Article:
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Coronavirus is spreading in the US. Here’s everything to know, from symptoms to how to protect yourself

After a fifth case has been identified in the Chicago area, officials say there’s no cause for panic, but recommend people take precautions.

This electron microscope image shows the Novel Coronavirus SARS-CoV-2, yellow, emerging from the surface of cells, pink.
AP

The deadly coronavirus that began as a handful of infections in central China has rapidly become a worldwide outbreak, shutting down entire cities, threatening the health of thousands and testing the strength of the global economy.

More than 97,800 cases of the new coronavirus have been confirmed worldwide across more than 60 countries, and more than 3,300 people have died, according to data from Johns Hopkins University.

As the rate of new cases in China begins to decline, hot zones are cropping up in Europe and the Middle East. In the U.S., the death toll is creeping upward as new cases are confirmed across the nation.

Weeks into the outbreak, there are still more questions than answers. Here’s what you need to know about COVID-19.

Coronavirus symptoms

Symptoms can range from mild to severe, and some people don’t have any symptoms at all. The most common symptoms resemble the flu and include fever, tiredness and dry cough. Some people also develop aches and pains, nasal congestion, runny nose, sore throat or diarrhea.

About 1 in 6 people becomes seriously ill and develops difficulty breathing, according to the World Health Organization. If you experience fever, cough and shortness of breath, call your doctor.

How many coronavirus cases are in the US?

There are at least 215 confirmed cases in the U.S. across 17 states, according to Johns Hopkins. Officials warn that many more people are likely infected. At least eight people in the U.S. have recovered. Of the confirmed cases, some are travel-related, some have spread person-to-person, and some were repatriated to the U.S. from Wuhan, China, and the Diamond Princess cruise ship.

Map of coronavirus cases in US

Cases have been confirmed in Arizona, California, Florida, Georgia, Illinois, Massachusetts, Nevada, New Hampshire, New York, New Jersey, North Carolina, Oregon, Rhode Island, Tennessee, Texas, Washington and Wisconsin, according to Johns Hopkins.

How many people have died in the US from the coronavirus?

Twelve people have died after contracting the coronavirus in the U.S.: 11 in Washington state and one in California. At least five of the victims were residents of a nursing home in suburban Seattle. At least one had previously been aboard the Diamond Princess cruise ship.

How many cases of coronavirus are there worldwide?

Here’s a breakdown of worldwide numbers, as of Thursday:

  • More than 97,800 cases
  • More than 53,700 people have recovered
  • At least 3,347 people have died

Travel restrictions for US citizens

The CDC recommends avoiding all non-essential travel – a level three alert – to China, South Korea, Italy and Iran. This does not include Hong Kong, Macau or Taiwan. Japan is at a level two alert (practice enhanced precautions), and Hong Kong is at a level one watch (practice usual precautions).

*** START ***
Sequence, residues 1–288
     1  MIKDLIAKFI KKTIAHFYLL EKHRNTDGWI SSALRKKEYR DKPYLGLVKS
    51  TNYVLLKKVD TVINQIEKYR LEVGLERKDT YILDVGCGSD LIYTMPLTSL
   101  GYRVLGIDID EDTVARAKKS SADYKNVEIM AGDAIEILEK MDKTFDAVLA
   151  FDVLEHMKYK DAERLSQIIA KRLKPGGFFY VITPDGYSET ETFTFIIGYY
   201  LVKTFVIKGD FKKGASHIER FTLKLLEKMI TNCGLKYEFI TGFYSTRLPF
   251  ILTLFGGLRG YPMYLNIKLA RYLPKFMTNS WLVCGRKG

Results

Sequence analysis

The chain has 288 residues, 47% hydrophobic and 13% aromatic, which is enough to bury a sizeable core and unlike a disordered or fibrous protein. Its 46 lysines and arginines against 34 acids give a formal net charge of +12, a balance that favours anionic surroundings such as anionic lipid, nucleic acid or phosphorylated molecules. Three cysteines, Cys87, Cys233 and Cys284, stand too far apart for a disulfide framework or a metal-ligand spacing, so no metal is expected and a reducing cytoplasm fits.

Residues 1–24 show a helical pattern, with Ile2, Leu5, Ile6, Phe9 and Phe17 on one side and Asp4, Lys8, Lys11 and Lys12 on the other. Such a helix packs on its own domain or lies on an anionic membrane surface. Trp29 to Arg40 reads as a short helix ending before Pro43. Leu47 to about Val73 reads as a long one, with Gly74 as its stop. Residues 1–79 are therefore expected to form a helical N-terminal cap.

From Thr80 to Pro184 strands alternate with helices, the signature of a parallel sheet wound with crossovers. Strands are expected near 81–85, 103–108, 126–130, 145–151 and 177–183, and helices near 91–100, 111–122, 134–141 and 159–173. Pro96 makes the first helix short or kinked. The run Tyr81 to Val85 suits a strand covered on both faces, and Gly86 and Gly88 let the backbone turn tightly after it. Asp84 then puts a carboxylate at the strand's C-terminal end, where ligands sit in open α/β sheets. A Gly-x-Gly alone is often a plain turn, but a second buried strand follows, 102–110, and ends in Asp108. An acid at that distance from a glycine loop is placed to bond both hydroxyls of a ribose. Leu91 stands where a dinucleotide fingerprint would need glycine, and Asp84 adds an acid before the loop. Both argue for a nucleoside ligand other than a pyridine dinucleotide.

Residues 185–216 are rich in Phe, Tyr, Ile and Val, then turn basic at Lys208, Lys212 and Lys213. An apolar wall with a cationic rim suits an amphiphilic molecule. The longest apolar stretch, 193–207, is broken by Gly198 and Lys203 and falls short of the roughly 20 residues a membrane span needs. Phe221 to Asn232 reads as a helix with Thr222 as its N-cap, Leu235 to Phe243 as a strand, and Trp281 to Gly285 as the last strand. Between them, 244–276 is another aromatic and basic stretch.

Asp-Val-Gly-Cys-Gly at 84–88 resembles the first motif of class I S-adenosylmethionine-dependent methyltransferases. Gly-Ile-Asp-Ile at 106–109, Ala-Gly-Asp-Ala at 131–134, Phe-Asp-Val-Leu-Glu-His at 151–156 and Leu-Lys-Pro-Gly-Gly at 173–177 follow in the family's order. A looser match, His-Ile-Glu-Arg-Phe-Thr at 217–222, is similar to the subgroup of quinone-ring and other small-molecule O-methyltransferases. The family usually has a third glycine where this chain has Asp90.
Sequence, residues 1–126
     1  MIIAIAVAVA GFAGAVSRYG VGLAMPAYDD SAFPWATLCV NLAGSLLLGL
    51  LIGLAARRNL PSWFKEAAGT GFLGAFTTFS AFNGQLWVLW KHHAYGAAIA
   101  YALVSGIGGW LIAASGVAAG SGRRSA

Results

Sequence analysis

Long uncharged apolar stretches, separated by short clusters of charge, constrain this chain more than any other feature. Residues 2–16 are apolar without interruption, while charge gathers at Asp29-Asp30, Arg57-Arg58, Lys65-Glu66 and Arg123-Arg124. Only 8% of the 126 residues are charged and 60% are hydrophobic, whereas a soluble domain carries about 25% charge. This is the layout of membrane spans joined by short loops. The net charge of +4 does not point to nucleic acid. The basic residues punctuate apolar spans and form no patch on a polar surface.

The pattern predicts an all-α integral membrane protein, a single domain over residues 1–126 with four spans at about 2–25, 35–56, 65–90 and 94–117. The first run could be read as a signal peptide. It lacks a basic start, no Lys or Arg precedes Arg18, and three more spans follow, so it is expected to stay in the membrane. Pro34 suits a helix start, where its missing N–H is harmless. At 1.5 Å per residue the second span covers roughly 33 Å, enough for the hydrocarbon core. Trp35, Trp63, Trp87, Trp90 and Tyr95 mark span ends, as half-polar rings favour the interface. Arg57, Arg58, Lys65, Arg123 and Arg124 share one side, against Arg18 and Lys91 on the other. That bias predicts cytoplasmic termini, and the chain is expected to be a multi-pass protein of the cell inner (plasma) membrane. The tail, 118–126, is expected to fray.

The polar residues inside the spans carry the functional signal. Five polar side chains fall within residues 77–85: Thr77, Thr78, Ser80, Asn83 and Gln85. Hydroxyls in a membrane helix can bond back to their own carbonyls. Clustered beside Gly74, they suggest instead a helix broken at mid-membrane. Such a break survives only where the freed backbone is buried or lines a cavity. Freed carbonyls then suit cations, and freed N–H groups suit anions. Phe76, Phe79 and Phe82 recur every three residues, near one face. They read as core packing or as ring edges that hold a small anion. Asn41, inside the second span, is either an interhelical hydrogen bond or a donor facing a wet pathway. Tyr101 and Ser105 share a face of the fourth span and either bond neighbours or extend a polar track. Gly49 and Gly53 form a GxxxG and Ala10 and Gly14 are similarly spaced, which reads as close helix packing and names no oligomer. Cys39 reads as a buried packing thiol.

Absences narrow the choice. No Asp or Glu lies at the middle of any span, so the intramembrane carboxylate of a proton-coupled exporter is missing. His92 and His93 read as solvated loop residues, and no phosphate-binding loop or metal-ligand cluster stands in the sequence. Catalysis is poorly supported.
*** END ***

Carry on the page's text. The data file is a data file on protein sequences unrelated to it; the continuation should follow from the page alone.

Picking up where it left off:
Many people have canceled trips abroad amid fears of contracting the virus. Some universities have canceled study abroad programs, and some companies have put a pause on international travel.

How to prepare for coronavirus

Take typical flu-season precautions: Avoid close contact with people who are sick. Don’t touch your eyes, nose and mouth. Cover your cough. Stay home when sick. Clean household objects and surfaces. Wash your hands for at least 20 seconds.

And no, you don’t need a face mask unless you have COVID-19 and are showing symptoms. Buying up masks takes away precious materials from the health workers who need them most.

Who is most at risk of becoming very sick or dying?

The general American public is at low risk of contracting COVID-19, according to the CDC.

Those at a higher risk of exposure to the virus include people who live in communities that are seeing sustained transmission, health care workers caring for COVID-19 patients and close contacts of patients.

As with seasonal flu, people at highest risk for severe disease and death include people aged over 60 years and those with underlying conditions such as hypertension, diabetes, cardiovascular disease, chronic respiratory disease and cancer, according to the WHO.

In China, the median age of coronavirus patients is 51 years old, and the majority of cases (78%) were between 30 and 69 years, according to February study conducted by the WHO. The highest mortality rate was among people over 80 years of age.

Does coronavirus affect pregnancy?

It’s unclear how the coronavirus may affect pregnant women. In general, pregnant women may experience changes to their body that could make them more susceptible to viral respiratory infections, according to the CDC.

In the case of SARS and MERS, pregnant women were more at risk for severe illness, and some experienced miscarriage and stillbirth, according to the CDC.

There is no evidence that the virus can be transmitted from an infected mother to her fetus, and, in a limited number of recent cases of infants born to mothers with COVID-19, none of the infants have tested positive for the virus, the CDC said.

How does coronavirus affect children?

Coronavirus in children appears to be rare, with about 2% of cases reported among people under 19 years old, according to the WHO study in China. An even smaller proportion of this age group developed severe (2.5%) or critical disease (0.2%), and just one person under 20 had died in China as of February.

Coronavirus vs. flu: How many people die from flu each year?

In the U.S., influenza has caused 12,000 to 61,000 deaths annually since 2010, according to the CDC. So far this season, there have been at least 32 million flu illnesses, 310,000 hospitalizations and 18,000 deaths from flu. At least 125 of those deaths were in children.

Why is this being compared to the 1918 flu pandemic? What are the similarities and differences?

The Spanish flu, an H1N1 virus, emerged in the wake of WWI and spread across the globe between 1918 and 1919, infecting about a third of the world’s population. An estimated 50 million people died, with about 675,000 deaths in the U.S., according to the CDC.